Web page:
The mysterious washing-machine-like contraption prompted many a stare from passersby, yours truly included. Eventually I worked out that this was a tandoor. Every now and then the lid would be lifted and a tossed dough of naan would be slapped on the inside of the hot hot hot oven. Long skewers of tandoori chicken were also rested inside.
Tandoori chicken inside the tandoor
Here's what it looked like inside. That's a bit of dodgy photoshop work there, as the view inside was originally pitch black.
The blue and white round thing is the oven mitt upon which raw discs of naan are rested upon and then used to whack against the side of the oven until it sticks. A cooked naan rests in the bottom right corner.
The oven was smokin' hot! There is no way I would put my hand inside that thing.
This guy was adding spoonfuls of potato masala to dosai being cooked. The limits of space and cooking contraption meant the dosai looked a little thicker than usual and weren't nearly as spectacular as the ones I've had in restaurants.
There's always gozleme at outdoor festivals
These Turkish pizzas used to be my favourite port-of-call at these events but I think I'm gozlemed out these days.
I then went for a bit of a wander around the shops along Haldon Street and on both sides of the train station. There was a very funky Egyptian furnishings shop (by that I mean so cheesey it's good) and a Lebanese patisserie with impressive mountains of sugary delights. I spotted a Cocos Island cafe and plenty more. We've driven through Lakemba plenty of times but I've never made the effort to actually shop there or explore.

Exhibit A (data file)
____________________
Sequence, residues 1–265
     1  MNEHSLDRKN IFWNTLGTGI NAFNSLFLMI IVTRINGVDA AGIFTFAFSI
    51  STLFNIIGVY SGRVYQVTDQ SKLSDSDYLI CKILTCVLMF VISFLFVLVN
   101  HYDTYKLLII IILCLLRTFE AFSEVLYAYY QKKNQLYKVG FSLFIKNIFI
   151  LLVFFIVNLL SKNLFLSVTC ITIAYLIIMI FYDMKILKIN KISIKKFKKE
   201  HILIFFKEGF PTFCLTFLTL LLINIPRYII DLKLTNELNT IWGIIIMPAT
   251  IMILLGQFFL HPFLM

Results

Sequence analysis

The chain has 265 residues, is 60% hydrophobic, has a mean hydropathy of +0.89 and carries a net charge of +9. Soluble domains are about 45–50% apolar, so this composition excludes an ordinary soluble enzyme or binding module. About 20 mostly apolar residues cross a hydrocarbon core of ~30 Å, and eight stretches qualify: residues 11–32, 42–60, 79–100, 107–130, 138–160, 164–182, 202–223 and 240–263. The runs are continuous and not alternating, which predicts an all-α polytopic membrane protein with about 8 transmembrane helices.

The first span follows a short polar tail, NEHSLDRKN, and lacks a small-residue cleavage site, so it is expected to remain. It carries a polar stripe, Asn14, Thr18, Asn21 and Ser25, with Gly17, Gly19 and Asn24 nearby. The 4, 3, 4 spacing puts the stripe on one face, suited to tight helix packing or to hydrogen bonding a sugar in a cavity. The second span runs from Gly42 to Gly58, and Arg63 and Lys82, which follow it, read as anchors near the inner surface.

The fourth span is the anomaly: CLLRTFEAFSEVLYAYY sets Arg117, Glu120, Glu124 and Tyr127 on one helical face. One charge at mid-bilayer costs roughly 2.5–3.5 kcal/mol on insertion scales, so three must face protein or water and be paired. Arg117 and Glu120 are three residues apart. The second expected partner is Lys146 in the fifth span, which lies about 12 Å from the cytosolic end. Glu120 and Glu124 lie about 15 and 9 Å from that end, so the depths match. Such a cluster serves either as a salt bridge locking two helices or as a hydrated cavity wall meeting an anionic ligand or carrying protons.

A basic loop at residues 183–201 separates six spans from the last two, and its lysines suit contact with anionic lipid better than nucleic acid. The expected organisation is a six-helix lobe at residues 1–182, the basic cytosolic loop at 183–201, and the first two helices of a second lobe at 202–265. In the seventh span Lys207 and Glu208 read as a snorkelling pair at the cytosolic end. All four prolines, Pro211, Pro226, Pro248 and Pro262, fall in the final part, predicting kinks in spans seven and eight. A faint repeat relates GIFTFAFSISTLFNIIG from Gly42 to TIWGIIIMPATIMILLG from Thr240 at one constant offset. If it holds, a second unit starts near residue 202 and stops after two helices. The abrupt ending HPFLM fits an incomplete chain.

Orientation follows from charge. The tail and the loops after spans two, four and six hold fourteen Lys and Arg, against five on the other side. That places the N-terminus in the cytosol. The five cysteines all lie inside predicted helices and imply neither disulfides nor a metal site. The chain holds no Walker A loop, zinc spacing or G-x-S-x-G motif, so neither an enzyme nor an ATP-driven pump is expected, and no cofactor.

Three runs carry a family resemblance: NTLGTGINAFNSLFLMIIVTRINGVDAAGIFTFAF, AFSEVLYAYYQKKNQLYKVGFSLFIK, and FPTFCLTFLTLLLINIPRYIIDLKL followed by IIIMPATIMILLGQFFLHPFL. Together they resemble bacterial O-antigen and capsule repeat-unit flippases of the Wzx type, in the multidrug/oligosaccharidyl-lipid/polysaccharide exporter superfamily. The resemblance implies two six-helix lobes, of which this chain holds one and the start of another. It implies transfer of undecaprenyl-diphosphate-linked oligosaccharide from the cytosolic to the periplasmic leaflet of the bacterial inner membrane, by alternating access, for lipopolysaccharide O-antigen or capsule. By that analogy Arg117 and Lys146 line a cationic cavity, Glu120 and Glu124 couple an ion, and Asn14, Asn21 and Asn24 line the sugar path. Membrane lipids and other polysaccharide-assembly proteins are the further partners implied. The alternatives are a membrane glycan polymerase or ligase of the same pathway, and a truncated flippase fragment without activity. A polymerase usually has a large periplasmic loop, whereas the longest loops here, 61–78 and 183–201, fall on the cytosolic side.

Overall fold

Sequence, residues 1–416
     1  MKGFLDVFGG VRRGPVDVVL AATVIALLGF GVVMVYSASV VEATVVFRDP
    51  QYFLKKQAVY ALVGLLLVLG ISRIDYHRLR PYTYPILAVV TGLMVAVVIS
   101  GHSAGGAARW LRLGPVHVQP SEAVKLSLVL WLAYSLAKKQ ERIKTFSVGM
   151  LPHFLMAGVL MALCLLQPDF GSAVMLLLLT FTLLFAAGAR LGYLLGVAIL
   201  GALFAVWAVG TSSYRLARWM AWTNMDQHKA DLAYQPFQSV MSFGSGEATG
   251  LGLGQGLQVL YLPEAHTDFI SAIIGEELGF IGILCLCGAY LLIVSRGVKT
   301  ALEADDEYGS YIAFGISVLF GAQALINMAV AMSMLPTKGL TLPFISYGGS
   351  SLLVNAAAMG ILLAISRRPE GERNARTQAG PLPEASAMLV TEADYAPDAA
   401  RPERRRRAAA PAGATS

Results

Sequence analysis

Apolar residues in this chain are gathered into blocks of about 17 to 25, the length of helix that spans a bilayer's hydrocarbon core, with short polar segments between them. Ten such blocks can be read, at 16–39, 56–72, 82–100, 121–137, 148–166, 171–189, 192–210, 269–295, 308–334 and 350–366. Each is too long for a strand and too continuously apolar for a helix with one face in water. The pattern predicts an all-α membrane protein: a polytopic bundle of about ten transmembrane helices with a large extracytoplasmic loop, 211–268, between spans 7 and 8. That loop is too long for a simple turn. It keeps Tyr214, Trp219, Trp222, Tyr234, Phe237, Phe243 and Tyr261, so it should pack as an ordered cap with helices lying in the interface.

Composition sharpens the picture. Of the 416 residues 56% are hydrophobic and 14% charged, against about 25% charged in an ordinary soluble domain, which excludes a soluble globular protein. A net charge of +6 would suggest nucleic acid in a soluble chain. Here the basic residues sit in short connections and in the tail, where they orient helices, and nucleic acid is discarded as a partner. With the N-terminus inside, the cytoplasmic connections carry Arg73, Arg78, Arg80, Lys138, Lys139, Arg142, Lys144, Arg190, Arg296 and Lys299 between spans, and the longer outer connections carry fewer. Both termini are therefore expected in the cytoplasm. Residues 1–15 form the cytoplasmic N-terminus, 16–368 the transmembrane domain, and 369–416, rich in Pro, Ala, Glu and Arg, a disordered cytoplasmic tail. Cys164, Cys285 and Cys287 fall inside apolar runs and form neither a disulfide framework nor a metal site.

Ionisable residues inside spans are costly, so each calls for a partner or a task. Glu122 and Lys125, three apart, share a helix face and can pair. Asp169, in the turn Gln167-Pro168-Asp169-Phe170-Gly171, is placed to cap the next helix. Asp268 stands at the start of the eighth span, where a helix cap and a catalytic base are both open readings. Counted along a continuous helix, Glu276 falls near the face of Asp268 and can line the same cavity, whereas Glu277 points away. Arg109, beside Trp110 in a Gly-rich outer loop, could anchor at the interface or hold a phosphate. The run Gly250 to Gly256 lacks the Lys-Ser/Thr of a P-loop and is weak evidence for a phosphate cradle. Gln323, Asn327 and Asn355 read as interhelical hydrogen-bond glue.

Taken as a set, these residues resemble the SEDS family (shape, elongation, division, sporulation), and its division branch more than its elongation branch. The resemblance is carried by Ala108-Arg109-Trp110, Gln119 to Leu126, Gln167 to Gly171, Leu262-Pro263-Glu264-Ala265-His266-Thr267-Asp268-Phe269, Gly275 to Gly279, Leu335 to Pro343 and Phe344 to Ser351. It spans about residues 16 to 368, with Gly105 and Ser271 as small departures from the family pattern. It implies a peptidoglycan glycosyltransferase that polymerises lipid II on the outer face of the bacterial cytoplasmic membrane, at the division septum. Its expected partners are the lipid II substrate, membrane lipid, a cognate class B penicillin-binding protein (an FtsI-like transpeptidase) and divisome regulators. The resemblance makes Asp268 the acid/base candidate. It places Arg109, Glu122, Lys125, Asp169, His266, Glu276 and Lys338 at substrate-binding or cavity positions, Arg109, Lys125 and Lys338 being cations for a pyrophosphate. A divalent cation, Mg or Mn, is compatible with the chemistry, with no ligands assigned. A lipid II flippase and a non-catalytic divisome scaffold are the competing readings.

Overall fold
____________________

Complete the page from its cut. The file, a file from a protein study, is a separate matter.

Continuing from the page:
Love it. This would be great on some teenager's bedroom door surely.
I say this is an alligator (as opposed to a crocodile) because of its clearly broad snout. Either way, it's pretty cool.
There was a need for liquid refreshment and this did the job nicely. I do like tamarind but had never tried the soft drink. It was sweet with a hint of salty-sourness and lightly aerated.
Cheese toasties $5.00
I was intrigued by these. Not because of the product itself--sesame bread rolls were removed from plastic bags, cut in half and a slice of Swiss-looking cheese inserted. The sandwich was then whacked onto a grill and dusted with extra herby spices and chilli.
I was more fascinated by their popularity. The crowd could not get enough of them and I couldn't understand the reason when it looked like a product you could easily make at home (yes, that's how I order food in restaurants, weighted by my inability to reproduce the same dish in my own kitchen).
I'm still unsure. And they were far too busy for me to ask for more info.
My eventual lunch (and yes, I spent a long time pondering my options) was the tandoori chicken. After staring with undiluted fascinated at the tandoor man, I thought the least I could do was buy some from him.
Tandoori chicken with naan, raita and salad $5.00
The chicken was tasty and remarkably tender. And the zingy cucumber raita was mopped up with the naan until the plate was clean.
Colombian dancers wait off-stage before their performance
This year's Haldon Street Festival was held on Saturday 27 August 2005. This annual event is in its sixth year, and celebrates respect, unity and peace.
Click here to see the Haldon Street Festival photos Part I: The Parade.
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9/09/2005 11:59:00 pm